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Oncology. 2011;81(1):12-20. doi: 10.1159/000330807. Epub 2011 Sep 8.

Gender and ethnic disparities in incidence and survival of squamous cell carcinoma of the oral tongue, base of tongue, and tonsils: a surveillance, epidemiology and end results program-based analysis.

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Department of Hematology and Medical Oncology, Winship Cancer Institute, Emory University School of Medicine, Atlanta, GA 30322, USA.



Squamous cell carcinomas (SCC) of the oral tongue (OT) and of the base of the tongue and tonsils (BTT) differ with respect to etiology, treatment and prognosis. Human papillomavirus has been linked to the increased incidence of BTT, yet, the trends in incidence of BTT and OT tumors among gender and ethnic origin groups have not been well examined. We sought to examine the trend in gender-, ethnic origin- and age-specific incidence of these tumors over time.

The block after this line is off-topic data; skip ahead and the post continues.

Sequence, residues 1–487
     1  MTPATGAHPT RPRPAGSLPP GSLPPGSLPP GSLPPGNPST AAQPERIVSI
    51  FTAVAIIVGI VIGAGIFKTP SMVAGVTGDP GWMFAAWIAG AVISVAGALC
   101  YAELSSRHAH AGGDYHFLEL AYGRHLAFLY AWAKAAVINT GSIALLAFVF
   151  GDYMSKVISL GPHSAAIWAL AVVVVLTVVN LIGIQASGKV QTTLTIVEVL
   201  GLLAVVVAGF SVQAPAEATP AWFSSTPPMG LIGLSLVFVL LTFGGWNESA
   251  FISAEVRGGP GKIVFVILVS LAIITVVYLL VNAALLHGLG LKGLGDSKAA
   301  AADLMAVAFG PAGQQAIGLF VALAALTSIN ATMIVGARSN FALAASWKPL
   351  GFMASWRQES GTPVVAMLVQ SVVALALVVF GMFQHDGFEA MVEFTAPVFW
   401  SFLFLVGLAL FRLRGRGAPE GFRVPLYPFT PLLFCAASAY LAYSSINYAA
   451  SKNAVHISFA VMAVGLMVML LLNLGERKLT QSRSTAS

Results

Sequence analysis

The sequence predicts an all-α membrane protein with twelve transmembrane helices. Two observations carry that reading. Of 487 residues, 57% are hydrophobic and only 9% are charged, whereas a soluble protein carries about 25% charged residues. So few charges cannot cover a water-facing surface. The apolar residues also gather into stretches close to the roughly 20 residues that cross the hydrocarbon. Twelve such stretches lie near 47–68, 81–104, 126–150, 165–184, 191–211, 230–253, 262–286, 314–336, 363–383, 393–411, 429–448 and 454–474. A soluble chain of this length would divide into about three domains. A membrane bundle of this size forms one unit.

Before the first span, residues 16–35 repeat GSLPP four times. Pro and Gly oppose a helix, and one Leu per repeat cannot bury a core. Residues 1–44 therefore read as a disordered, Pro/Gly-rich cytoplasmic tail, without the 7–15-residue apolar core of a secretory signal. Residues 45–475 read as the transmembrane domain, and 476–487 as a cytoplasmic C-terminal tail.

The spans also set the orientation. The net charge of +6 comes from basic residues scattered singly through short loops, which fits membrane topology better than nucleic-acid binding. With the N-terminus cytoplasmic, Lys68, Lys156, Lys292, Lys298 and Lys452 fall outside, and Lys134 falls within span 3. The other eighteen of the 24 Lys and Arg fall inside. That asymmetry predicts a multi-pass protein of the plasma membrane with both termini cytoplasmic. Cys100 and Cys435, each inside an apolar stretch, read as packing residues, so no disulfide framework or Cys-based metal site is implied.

Data were obtained from the Surveillance, Epidemiology and End Results Program of the US National Cancer Institute. We examined temporal trends in sex- and ethnic origin-specific incidence of SCC by calculating the annual percent changes followed by joinpoint analyses evaluating changes in trend.


While BTT increased in age-adjusted rates among white males with a more pronounced increase observed in the mid-1990s, white females experienced a significant increase in incidence of OT tumors. Patients with advanced OT carcinoma had a significantly lower survival compared to those with advanced BTT disease; however, patients with early-stage OT tumors had a better survival compared to patients with BTT.


While the increase in incidence of BTT tumors in white men is likely human papillomavirus driven, more studies are needed to elucidate the increasing incidence of OT tumors in white women. The differences in outcomes across ethnic origin groups are also described and discussed.

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